Yet another powerful benefit of spending money on experiences, not things: community

Take a photo, it’ll last longer.
Take a photo, it’ll last longer.
Image: Creative Commons
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If you decided to take a beach vacation rather than splurge on an Apple Watch this summer, you’re onto something. Studies have shown doing things makes people happier than having things. One widely acknowledged reason is the benefit of anticipation. Anyone who’s counted down the days to a trip or party knows it’s more pleasant and exciting than waiting in a long line at the Apple store.

But there’s another reason spending money on vacations tend to have more fulfilling payoffs than new gadgets, and it’s because talking about a purchase (pdf) is more important for experiences than possessions. Study participants were told to think of their two most significant purchases that were both vacations (experiences) and electronic gadgets (material objects), and given a choice: would you rather choose your most significant purchase and not tell anyone about it, or your second-most significant purchase and have the freedom to discuss it whenever a related topic arises?

As expected, 62% of participants wanted to settle for their second favorite vacation if it meant they could talk about it, rather than the top-rated vacation they couldn’t discuss with others. Twenty-two percent of respondents preferred discussing and showing off their second-best tech purchase.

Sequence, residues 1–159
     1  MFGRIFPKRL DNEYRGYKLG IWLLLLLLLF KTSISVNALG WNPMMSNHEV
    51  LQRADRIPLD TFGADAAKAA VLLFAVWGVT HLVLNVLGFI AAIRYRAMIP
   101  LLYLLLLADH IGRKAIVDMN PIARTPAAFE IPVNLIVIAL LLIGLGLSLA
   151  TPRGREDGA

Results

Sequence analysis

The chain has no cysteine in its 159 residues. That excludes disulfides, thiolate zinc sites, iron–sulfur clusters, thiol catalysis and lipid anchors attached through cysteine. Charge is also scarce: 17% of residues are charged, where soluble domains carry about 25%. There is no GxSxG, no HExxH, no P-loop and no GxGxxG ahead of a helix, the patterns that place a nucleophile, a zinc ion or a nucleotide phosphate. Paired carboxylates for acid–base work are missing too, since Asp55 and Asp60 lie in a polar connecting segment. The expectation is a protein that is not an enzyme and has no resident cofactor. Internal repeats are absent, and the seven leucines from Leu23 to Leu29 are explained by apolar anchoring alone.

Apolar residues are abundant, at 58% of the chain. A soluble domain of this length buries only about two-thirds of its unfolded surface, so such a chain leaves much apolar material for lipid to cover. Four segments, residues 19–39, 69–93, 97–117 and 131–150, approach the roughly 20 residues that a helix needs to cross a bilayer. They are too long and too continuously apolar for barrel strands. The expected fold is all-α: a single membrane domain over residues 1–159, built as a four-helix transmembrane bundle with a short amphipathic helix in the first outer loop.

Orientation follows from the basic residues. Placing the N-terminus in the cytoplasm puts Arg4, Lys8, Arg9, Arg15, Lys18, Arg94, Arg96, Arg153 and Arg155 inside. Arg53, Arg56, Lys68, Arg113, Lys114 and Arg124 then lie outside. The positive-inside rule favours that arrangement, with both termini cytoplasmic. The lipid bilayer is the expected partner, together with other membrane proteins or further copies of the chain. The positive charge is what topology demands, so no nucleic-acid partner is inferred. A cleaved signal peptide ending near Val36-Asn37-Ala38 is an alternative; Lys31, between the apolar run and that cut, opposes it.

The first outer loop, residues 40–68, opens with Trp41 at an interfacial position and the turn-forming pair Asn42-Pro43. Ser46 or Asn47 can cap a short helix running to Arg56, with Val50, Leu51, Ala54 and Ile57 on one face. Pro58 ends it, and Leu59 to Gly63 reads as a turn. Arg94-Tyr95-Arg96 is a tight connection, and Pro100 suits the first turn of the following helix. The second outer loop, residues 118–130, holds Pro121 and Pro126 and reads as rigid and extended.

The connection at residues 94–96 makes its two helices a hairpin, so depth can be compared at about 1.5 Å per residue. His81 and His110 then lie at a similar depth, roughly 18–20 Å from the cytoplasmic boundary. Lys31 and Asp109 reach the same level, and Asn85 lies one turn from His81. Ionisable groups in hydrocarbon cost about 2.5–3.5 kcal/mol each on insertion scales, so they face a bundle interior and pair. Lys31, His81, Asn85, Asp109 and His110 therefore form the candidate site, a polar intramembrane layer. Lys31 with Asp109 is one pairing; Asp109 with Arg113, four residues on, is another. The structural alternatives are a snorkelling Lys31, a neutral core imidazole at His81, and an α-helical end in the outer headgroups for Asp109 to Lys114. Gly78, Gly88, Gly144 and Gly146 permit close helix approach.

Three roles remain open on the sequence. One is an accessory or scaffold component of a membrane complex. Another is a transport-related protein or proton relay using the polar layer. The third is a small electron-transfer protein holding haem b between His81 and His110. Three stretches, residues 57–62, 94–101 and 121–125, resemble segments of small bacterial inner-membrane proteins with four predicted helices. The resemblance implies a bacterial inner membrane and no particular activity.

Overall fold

Furthermore, some participants believed that discussing an experience with a friend comprised as much as one-third of their enjoyment with the purchase. This means that if you don’t freely discuss your vacation when coworkers ask where you’ve been, even after the fact, you could be losing a significant amount of the purchase-derived happiness you might otherwise have.

There’s also the simple explanation that discussing material purchases could feel like unnatural boasting, and generally isn’t as celebrated as discussing a recent experience. The researchers noted that participants generally tend to naturally bring up an experience, when asked to discuss a big purchase.

The study, however, only examined talking about purchases in the form of storytelling. Whether increased enjoyment also applies to sharing your experiences on Facebook or Instagram remains to be seen.

So if you have the back-to-work blues and want to relive those blissful vacation vibes, tell your friend or coworker about it. Or, better yet, ask them how their most recent vacation was and swap experiential stories. You’ll both feel happier afterwards.